Over at the Real Dirty Mets Blog, the expectations for the upcoming 2010 season are set. The past week has been up and down for New York as the injury bug from last year still haunts the Mets clubhouse.
Having been a lifelong Mets fan and being convinced that they were the favorites to win the World Series from 2006 to 2009, I have only seen my hopes and dreams crushed by the most traumatic, shocking, unusual, and quite literally most painful ways to lose. Right when you think you have seen it all, they pull something else out of their bag of tricks. I think all Mets fans owe it to themselves this year to go in with absolutely no expectations, because let's be honest, the Mets may not even be one of the top two teams in their own division. But with names like Wright, Reyes, Santana, K-Rod, and now Bay all on the same roster, what are they waiting for? Of their first 23 games of the season, 16 of them will be a Citi Field, which depending on the team's success, could turn out as a positive or negative. Somehow, someway, New York will have to find a way to put it together because if they stumble early out of the gate, heads will roll, jobs will be lost, and all hope will be gone.
Interesting link from FishStripes on how a simulation done by ESPN the Magazine predicts the Marlins to finish dead last in the division. That's right Nationals fans, if the prediction is correct you may have some company down there after all.
All kidding aside, I take about as much away from pre-season predictions/simulations as I do from Spring Training statistics. Sure the Phillies are probably going to win the division for the 4th straight year and the Braves are a team on the rise, but Florida finished 2009 in second place with a 87-75 record and a majority of their key players coming back. Hanley, Uggla, Cantu, and even Cody Ross all have the ability to drive in 100 runs and they also have last year's NL Rookie of the Year in Chris Coghlan. Hitting is not an issue with the Marlins, it is the pitching that is surrounded by question marks, most notably the bullpen, and unfortunately for them how the relievers perform is going to make or break the season.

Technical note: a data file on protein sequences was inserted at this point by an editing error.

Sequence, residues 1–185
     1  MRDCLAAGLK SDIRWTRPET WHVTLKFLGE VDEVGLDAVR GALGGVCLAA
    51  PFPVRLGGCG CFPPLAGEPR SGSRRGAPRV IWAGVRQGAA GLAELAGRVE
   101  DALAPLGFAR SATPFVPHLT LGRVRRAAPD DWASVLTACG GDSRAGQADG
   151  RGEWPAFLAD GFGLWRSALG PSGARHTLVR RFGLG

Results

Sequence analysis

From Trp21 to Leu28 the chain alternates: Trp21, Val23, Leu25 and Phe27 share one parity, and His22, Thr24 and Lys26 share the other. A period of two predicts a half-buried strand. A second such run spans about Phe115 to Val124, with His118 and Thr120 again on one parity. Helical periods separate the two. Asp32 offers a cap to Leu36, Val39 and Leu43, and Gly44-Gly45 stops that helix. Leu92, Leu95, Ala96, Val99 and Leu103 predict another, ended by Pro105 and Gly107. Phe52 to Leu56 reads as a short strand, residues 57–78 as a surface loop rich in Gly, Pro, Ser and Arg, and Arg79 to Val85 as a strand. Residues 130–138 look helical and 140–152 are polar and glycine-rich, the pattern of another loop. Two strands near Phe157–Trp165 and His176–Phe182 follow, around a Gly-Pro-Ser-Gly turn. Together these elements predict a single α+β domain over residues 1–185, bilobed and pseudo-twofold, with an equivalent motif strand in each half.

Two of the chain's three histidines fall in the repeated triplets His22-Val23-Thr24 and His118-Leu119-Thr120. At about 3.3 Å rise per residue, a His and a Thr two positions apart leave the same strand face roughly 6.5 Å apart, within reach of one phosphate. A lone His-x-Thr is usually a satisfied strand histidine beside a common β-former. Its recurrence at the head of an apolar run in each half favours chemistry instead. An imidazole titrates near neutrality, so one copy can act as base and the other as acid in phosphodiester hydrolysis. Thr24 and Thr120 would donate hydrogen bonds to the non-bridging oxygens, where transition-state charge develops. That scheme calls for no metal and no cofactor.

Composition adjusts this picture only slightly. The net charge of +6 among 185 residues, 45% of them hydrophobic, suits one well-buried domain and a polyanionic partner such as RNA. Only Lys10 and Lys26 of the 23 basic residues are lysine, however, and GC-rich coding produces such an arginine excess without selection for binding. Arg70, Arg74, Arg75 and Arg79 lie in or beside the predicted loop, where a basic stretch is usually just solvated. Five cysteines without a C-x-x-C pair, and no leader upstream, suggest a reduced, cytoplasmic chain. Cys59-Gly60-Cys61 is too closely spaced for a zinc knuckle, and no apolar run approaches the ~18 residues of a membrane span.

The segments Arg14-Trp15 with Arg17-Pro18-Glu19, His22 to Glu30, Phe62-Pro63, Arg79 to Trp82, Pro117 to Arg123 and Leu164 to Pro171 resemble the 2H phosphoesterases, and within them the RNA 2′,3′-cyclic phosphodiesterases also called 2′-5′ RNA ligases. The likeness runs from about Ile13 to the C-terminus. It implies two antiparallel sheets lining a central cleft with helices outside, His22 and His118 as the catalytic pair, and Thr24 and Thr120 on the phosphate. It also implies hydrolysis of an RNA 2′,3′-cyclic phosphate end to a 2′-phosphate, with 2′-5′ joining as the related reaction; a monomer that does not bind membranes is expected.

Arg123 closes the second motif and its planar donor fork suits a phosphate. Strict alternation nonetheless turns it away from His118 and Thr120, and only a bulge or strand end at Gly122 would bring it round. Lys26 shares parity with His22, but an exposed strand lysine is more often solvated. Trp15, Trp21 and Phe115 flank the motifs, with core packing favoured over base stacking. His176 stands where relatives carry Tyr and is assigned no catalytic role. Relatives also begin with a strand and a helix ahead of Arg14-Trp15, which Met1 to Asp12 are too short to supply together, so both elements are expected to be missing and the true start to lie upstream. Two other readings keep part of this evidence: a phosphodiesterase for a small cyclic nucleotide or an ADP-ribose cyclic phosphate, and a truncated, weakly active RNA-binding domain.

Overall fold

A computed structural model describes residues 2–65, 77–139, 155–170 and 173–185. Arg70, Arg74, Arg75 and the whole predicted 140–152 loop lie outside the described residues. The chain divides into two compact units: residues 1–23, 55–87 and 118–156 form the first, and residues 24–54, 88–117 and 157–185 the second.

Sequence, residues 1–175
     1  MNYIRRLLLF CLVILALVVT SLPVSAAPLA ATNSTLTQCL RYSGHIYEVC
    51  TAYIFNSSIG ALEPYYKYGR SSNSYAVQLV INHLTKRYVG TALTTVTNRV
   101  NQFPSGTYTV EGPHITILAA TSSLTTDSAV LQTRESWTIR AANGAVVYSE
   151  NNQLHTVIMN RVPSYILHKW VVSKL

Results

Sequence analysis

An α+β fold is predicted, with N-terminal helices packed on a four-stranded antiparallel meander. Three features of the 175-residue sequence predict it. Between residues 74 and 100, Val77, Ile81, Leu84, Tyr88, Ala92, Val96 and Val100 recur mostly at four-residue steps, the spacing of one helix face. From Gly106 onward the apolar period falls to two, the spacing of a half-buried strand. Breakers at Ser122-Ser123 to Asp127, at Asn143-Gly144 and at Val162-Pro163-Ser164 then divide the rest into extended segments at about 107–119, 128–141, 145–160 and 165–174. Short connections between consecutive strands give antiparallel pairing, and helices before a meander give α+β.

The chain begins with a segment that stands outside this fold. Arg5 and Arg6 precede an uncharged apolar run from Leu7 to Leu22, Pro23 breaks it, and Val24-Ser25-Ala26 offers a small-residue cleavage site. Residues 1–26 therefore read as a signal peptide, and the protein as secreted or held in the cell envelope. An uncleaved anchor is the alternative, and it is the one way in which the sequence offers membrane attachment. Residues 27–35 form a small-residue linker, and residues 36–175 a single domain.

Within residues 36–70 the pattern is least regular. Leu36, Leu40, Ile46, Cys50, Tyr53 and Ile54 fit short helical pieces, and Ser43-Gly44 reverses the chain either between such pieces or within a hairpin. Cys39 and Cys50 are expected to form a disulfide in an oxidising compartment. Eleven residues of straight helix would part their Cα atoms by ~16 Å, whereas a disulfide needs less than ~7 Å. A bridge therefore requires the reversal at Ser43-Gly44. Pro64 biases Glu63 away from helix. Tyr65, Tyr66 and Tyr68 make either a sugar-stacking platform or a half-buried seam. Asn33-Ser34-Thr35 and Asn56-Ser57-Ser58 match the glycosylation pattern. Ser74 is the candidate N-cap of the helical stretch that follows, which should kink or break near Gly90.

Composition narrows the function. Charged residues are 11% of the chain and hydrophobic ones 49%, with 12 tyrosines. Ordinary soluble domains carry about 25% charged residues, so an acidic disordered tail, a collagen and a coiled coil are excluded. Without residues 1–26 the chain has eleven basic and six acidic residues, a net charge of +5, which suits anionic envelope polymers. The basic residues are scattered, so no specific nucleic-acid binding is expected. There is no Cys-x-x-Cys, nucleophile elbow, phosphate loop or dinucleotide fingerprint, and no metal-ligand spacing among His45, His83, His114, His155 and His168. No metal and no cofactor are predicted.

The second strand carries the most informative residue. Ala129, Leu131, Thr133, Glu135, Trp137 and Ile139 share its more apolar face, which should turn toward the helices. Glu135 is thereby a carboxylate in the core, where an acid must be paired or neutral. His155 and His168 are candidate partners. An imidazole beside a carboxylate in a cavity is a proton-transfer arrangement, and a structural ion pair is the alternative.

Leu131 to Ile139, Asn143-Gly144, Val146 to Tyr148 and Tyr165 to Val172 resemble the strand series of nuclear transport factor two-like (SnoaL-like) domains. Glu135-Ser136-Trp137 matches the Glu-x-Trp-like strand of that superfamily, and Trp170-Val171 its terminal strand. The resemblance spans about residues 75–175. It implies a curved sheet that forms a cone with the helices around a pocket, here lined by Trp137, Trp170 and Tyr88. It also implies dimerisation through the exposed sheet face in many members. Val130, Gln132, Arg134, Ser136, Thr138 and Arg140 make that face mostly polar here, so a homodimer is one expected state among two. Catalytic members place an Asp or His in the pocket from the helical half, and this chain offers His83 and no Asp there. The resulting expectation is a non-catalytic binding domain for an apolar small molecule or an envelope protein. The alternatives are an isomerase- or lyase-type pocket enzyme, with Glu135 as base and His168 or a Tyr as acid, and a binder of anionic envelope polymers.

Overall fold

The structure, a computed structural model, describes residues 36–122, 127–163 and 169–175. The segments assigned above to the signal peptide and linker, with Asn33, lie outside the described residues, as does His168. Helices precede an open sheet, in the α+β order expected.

Following the announcement of having lost pitcher Joe Blanton until May, Beer Leaguer offers his perspective on where the Phillies go from here.
Kyle Kendrick will likely fill in as Blanton's replacement, leaving a spot open in the bullpen which already has two other relievers on the DL. There is no clear-cut favorite to take the job and that is the Phillies glaring weakness. You always hear about teams trying to "survive" or "stay afloat" with replacements until their starter comes back and that is exactly what Philadelphia will have to do. Losing Blanton is not the end of the world for a rotation that already has Halladay, Hamels, and Happ, as well as one of the most productive lineups in baseball. The Phillies will find a way out of this issue and be full steam ahead come the All-Star Break.
Braves Blast provides some Q&A regarding what we should expect from the team's pitching staff. Including questions surrounding both the starting rotation and bullpen.
I honestly do think that this year the stars will align for Atlanta's pitching, meaning that we will see Tim Hudson, Billy Wagner, and Derek Lowe all have great bounce back years. Hudson and Wagner are ready to go after having successfully come back from Tommy John surgery, and Lowe being the veteran he is, has earned the title as one of the most consistent and reliable starters in the game. Jair Jurrjens did have some shoulder problems but the doctors have said that he will be 100% come Opening Day. Naturally, there will be injuries, discomforts, etc. with not only the pitchers mentioned but everyone else on the roster, but that should not stop Atlanta from having several worthwhile comeback player of the year candidates on their staff.